It appears the Columbus Blue Jackets are in the market for another centre.
The Athletic‘s Blue Jackets beat writer Aaron Portzline reported Friday the club’s desire to add talent down the middle has intensified following a shoulder injury to 26-year-old forward Max Domi.
Domi, 26, underwent surgery on his right shoulder Thursday to repair a labral tear, the Blue Jackets announced. He’s expected to miss five to six months, which means he’ll miss at least the first month of the 2021-22 season.
“Max had been experiencing some discomfort in his shoulder, which he brought to our attention last week, and a subsequent examination revealed a labral tear,” Blue Jackets general manager Jarmo Kekalainen said in a statement.
Kekalainen already said one of his offseason priorities was to shore up the Blue Jackets down the middle. Now it’s an absolute must.
Domi scored nine goals and added 15 assists in 54 games with the Blue Jackets last season. He averaged 15:13 per game and typically lined up as a centre for John Tortorella’s team, although Portzline added it is unclear what position Domi might play under the Blue Jackets’ next head coach.
With Domi slated to miss a significant chunk of time in 2021–22, the Blue Jackets’ centre depth chart appears relatively thin.
- Jack Roslovic, 24, impressed after coming over from Winnipeg in the Pierre-Luc Dubois trade. He scored 34 points in 48 games with the Blue Jackets and, barring any moves, will likely start next season as the team’s top centre.
- Boone Jenner, turning 28 in nine days, isn’t anywhere close to being the 30-goal scorer he was in 2015–16. He’s a perfectly fine third-line forward who excels in the faceoff dot but has never been a particularly strong defensive player. He scored eight goals and 17 points in 41 games this year before a finger injury in April ended his season.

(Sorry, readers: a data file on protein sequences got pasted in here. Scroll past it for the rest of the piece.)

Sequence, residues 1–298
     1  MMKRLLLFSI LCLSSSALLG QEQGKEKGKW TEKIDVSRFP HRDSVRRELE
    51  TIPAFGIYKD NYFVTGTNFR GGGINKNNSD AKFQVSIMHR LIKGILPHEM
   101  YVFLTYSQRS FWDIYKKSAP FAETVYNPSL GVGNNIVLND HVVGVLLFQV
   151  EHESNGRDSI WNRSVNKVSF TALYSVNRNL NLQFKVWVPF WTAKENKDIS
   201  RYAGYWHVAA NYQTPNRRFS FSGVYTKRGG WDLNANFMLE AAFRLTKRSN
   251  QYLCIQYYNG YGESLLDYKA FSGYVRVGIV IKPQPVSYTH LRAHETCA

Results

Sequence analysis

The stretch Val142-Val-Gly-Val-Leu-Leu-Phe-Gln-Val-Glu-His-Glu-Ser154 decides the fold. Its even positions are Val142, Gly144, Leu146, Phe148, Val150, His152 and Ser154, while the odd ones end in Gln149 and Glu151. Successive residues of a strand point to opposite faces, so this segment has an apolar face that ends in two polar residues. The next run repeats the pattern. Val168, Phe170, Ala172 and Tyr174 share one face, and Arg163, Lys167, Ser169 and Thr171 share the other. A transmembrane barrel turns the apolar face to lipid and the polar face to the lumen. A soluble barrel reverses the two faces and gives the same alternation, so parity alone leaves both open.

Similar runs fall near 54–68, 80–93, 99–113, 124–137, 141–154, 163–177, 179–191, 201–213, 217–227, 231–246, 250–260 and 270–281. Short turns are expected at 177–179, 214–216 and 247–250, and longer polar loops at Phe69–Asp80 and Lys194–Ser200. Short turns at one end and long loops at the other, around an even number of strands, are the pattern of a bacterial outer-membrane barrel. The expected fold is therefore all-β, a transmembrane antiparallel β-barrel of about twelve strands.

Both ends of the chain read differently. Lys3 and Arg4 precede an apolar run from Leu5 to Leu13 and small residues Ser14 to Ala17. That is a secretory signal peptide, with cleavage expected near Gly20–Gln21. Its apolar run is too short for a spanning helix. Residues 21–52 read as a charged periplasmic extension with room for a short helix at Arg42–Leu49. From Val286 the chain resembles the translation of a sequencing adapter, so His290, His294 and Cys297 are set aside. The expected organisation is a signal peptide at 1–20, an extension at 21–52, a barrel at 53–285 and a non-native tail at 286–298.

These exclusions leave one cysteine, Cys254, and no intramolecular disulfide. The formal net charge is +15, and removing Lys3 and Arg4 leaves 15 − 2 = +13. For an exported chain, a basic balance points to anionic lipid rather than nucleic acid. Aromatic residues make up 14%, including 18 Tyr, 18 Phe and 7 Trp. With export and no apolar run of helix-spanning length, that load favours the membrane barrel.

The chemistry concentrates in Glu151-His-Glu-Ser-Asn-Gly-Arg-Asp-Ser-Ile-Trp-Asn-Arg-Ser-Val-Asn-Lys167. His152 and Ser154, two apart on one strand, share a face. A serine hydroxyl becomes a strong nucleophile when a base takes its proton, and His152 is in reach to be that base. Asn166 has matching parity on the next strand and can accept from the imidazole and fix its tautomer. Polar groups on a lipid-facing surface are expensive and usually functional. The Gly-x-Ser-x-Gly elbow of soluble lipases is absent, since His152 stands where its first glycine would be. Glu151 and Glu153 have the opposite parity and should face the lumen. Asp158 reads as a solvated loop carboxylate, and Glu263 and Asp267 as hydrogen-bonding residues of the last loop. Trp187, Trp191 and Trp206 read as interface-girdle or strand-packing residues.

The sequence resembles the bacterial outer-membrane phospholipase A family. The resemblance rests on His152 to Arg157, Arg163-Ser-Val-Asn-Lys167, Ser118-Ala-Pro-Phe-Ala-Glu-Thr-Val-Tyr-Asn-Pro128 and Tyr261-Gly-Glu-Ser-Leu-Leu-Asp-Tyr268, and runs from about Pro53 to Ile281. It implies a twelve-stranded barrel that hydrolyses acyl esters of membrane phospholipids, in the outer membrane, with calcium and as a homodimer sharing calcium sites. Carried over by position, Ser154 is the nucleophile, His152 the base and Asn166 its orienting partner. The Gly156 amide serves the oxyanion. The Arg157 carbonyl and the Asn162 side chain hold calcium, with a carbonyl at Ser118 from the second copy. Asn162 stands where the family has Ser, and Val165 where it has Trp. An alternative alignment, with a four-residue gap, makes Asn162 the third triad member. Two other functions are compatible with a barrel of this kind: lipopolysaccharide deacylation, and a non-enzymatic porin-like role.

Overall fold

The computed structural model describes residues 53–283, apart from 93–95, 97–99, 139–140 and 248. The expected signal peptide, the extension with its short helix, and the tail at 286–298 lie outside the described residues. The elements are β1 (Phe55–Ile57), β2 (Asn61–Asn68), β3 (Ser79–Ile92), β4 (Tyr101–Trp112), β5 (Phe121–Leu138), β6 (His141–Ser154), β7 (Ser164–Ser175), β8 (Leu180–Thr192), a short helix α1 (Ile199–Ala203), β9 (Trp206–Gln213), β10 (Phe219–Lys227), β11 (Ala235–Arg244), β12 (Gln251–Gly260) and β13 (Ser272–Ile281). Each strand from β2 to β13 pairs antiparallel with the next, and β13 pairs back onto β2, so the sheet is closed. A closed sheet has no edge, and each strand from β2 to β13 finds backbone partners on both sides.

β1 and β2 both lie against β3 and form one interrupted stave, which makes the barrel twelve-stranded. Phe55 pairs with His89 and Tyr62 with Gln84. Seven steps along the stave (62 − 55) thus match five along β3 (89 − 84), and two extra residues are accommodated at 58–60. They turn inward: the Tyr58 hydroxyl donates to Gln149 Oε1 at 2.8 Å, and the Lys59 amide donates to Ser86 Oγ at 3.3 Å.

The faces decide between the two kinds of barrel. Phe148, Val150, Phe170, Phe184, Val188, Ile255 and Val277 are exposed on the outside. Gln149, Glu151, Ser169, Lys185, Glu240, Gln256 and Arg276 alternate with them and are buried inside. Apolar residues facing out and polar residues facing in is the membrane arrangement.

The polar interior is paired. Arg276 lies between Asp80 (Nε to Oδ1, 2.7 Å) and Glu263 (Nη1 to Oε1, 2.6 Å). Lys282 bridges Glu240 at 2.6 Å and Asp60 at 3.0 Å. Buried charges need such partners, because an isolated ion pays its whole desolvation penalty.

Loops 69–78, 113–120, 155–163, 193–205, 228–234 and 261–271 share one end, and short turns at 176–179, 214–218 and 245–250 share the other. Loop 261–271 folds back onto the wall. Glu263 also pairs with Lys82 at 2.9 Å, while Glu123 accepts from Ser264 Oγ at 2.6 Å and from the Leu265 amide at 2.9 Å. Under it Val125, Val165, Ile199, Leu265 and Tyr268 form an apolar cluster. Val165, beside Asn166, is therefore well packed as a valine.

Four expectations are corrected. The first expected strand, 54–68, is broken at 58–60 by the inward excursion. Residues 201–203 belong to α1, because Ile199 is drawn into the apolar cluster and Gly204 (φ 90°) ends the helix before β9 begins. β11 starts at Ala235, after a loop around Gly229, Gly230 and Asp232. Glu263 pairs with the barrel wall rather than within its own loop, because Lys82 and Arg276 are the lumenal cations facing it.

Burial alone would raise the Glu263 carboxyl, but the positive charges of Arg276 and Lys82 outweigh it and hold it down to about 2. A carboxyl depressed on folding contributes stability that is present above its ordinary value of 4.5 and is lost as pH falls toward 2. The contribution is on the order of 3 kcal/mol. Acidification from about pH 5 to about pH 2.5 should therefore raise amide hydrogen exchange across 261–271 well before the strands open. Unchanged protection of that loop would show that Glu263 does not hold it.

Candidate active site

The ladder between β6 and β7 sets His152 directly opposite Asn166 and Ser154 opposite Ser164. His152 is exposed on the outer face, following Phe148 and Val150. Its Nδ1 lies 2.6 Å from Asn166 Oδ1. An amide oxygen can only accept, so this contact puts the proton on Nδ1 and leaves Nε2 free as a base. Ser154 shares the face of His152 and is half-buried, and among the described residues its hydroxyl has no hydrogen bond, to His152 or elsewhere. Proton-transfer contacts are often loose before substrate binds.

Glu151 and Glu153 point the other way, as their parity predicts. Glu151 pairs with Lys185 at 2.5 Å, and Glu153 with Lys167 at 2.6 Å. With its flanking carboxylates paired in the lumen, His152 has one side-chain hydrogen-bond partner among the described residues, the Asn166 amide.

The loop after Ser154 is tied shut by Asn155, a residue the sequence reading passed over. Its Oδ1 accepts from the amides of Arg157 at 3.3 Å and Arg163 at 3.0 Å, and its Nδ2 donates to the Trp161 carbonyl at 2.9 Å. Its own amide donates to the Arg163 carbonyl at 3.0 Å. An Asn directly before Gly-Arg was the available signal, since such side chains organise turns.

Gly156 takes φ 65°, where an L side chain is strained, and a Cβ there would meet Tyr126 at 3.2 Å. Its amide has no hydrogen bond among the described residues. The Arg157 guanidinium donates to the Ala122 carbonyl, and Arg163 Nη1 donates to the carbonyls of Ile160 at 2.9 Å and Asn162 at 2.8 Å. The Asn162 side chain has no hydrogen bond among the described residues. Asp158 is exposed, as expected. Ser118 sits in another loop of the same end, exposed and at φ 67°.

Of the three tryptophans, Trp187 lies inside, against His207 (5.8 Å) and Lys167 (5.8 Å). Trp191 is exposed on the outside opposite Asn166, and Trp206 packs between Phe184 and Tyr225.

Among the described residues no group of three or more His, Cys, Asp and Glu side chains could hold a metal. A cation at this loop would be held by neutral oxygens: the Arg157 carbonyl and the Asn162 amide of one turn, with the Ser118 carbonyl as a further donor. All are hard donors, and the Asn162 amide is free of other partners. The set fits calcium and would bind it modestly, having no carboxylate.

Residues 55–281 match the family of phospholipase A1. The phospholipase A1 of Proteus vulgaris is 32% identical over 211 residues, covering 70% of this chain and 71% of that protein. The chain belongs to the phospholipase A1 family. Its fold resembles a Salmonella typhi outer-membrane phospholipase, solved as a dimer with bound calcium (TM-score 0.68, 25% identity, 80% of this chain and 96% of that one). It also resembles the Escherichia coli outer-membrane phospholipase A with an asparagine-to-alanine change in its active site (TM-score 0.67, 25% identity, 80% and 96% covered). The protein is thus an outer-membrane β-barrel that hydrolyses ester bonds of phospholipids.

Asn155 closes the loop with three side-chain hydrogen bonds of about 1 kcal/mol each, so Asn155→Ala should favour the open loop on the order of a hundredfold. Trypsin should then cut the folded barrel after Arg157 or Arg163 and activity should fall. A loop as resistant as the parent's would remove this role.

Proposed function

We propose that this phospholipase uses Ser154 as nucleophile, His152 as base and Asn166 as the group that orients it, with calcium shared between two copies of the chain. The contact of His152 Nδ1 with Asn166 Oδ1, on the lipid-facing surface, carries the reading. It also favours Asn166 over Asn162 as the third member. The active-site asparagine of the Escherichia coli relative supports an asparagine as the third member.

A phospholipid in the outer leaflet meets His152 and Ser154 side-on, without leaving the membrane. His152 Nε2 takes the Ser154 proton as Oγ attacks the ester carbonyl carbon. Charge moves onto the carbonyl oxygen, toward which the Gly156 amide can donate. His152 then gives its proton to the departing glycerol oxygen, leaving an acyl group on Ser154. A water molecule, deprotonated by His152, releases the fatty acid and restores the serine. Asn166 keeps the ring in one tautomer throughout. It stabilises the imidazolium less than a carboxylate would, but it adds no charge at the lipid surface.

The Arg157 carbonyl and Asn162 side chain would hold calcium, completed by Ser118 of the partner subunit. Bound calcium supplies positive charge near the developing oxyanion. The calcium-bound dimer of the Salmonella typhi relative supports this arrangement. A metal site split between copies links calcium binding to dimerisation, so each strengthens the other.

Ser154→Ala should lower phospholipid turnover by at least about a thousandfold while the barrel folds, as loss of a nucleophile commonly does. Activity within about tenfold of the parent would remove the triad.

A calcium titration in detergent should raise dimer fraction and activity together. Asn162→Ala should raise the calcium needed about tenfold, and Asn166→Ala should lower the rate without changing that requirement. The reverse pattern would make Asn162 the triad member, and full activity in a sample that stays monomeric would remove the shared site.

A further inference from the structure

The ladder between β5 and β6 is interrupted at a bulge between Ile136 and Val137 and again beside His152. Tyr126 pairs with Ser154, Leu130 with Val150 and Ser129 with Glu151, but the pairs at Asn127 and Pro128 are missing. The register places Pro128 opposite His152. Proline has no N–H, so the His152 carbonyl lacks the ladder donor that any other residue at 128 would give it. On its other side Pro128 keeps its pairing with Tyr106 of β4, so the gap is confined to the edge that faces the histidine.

- Kevin Stenlund, 24, had a decent sophomore year but projects almost exclusively as a bottom-six forward. He has 11 goals and 20 points in 68 career games over three seasons.
- Emil Bemstrom, 22, missed six weeks in 2020–21 with a lower-body injury. Bemstrom looked pretty good as a rookie, scoring 10 goals and adding 10 assists in 56 games during the 2019–20 campaign. He only managed to draw into 20 games as a sophomore, contributing solid defensive results but scoring only five points (three goals, two assists).
- Alexandre Texier, 21, has shown some promise since bursting onto the scene with Columbus late in the 2018–19 season. He scored 15 points (four goals, 11 assists) in 46 games during the 2020–21 campaign but only scored on 5.3% of his shots. Texier certainly needs to work on his defense but he’s more than capable of being a positive offensive contributor.
- Liam Foudy, 21, was Columbus’ first-round pick in the 2018 NHL Entry Draft. He has 26 regular-season NHL games under his belt but is still searching for his first goal (he has, however, scored once in his 10 career playoff games). Foudy still has plenty of growing to do at both ends of the ice but, if his OHL career with the London Knights offers any indication, he has the potential to eventually become a scorer in the NHL.
The Blue Jackets have a few solid centre prospects, such as Tyler Angle and Josh Dunne, but lack much in terms of depth or high-end skill in their system. Foudy and Texier are the two most heralded young pivots in Columbus’ pipeline.
With Seth Jones reportedly unwilling to negotiate an extension and Patrik Laine’s first season in Ohio having been marred by inconsistency and benchings, Columbus’ future looks uncertain. Roslovic and Zach Werenski will both need new contracts as RFAs after the 2021–22 campaign; both Joonas Korpisalo and Elvis Merzlikins will be unrestricted free agents that summer.